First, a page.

A recent study by Boston Consultancy Group in the US reveals that businesses found by women ultimately deliver higher revenue.
A recent study by Boston Consultancy Group in the US reveals that businesses found by women ultimately deliver higher revenue—more than twice as much per dollar invested—than those founded by men, making women-owned businesses better investments for financial backers. Yet, women entrepreneurs find it tougher than men to raise funds for their start-ups. While this study focused on start-ups in the US, is it a similar scenario in India?
Meena Ganesh, MD and CEO of healthcare start-up Portea Medical and partner at venture-builder platform, GrowthStory, says she would definitely like to think that women-led businnesses deliver higher revenue. However, Ganesh, who has witnessed India’s start-up story from both sides of the lens, points out that the reason could just be due to the problem. “Because of the disparity that exists and the challenges for women to get funding, those who do are clearly more accomplished, passionate and capable people compared to the general average,” she says. “So, rather than celebrating the fact, we should try and get a lot more women start-ups funded, encourage women in entrepreneurship, get more women to come forward and increase the number of women in the start of the funnel.” According to her, that is where the real problem lies and also the solution to creating long term development, employment creation and wealth creation in the start-up ecosystem.
While women entrepreneurs in India say it is the merit of the business idea, talent, business acumen and the underlying opportunity that determine whether a start-up finally gets the investor’s funds, and thereby generates better revenues, they do believe that some gender bias does exist. While specific cases of discrimination may be difficult to point out, the bar and the number of questions asked is higher for women founders. Women need to address questions about their other responsibilities, their taking a break, their ability to give 100% to professional roles, etc., which a male founder would not be asked. Sometimes, these questions are not asked but there is an underlying bias in minds of the investors. “Women are generally looked upon as building neighbourhood businesses, rather than large scalable ones,” says Sonya Hooja, co-founder and director, Imarticus, a start-up that offers financial services and data analytics training programmes.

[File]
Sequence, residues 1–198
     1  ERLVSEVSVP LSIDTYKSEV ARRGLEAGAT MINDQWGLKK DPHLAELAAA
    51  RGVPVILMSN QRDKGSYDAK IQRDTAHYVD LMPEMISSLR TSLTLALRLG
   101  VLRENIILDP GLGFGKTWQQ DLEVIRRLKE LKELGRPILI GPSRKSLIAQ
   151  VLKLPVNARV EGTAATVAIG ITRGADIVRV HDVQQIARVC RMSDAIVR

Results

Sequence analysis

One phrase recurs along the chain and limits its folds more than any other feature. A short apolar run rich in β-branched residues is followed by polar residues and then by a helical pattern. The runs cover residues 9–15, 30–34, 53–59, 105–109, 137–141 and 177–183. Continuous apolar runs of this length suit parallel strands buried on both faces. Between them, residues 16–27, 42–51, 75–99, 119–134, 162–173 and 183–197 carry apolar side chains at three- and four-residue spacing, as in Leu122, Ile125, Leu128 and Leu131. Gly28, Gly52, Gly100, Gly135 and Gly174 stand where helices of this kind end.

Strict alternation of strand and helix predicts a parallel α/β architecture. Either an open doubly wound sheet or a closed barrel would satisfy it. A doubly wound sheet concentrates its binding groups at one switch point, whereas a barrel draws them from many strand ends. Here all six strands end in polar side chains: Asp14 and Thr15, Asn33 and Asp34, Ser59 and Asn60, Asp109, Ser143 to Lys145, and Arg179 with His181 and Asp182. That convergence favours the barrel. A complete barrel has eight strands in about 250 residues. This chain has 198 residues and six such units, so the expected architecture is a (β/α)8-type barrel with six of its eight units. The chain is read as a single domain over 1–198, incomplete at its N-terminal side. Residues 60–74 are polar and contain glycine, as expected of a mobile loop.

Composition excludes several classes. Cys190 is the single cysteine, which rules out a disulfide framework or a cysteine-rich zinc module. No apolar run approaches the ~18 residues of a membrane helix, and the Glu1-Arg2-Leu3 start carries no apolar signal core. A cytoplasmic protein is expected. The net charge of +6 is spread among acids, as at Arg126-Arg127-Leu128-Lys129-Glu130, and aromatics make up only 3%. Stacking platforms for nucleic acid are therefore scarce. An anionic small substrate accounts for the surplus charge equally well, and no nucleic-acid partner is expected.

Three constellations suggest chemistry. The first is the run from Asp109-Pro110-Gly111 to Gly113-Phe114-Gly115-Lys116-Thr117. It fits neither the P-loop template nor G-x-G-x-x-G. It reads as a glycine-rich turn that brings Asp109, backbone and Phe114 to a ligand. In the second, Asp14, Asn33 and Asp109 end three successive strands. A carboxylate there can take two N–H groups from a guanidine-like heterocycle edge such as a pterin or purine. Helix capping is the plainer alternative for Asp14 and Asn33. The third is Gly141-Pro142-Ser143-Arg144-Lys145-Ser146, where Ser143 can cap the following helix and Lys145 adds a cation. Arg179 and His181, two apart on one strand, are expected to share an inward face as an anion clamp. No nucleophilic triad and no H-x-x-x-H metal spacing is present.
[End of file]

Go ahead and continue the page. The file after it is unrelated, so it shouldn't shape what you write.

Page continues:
The lack of many women in the VC/PE community is a challenge too. Just 8% of partners at the top venture capital firms are women, says Vibha Tripathi, co-founder and CEO of Swajal, an Internet-of-Things based clean drinking water system provider. The venture capital and entrepreneurship world is highly dominated by men, which inherently provides male founders with benefits female founders just don’t have.
“There’s an isolation that women feel in the industry, even I have felt it,” says Tripathi. “If women-led start-ups are women centric and the idea solves problems women face, it’s hard for men to understand it because they have never faced that problem and will never use that product. This is why the ratio of women venture capitalists have to go up.”
For the investor, ignoring half the universe because of a gender bias will be commercially foolish. The fact that women have to work harder to be able to come and pitch, there is already a level of filtering that has happened when they show up. Additionally, it lends balance and diverse skill sets to the core team by having women leaders. As Swajal’s Tripathi says, it is hard to raise money being a women entrepreneur but a radical shift has to happen to completely change the ecosystem of women-led startups. “We need more women led start-ups in India, at least a dozen and more venture capital firms with women as partners. We need diversity and fresh perspective to level the playing field,” she says.
The BCG study concludes that while the current system of funding puts women in a disadvantageous position, in the short term, the reality is that women entrepreneurs must work within the flawed system even as they lobby to improve it. “To prepare their formal pitches, they should seek out coaches—ideally, with VC experience who will assess practice runs and provide feedback. During actual pitches, they should ask for bigger investments, ask more frequently, and avoid underselling their companies,” it says.
Agrees Ganesh: “We owe it to ourselves to raise the bar, show why the idea, sector, team and our passion and capabilities will make it win and make the whole misconception about being a women-founder a non-issue.”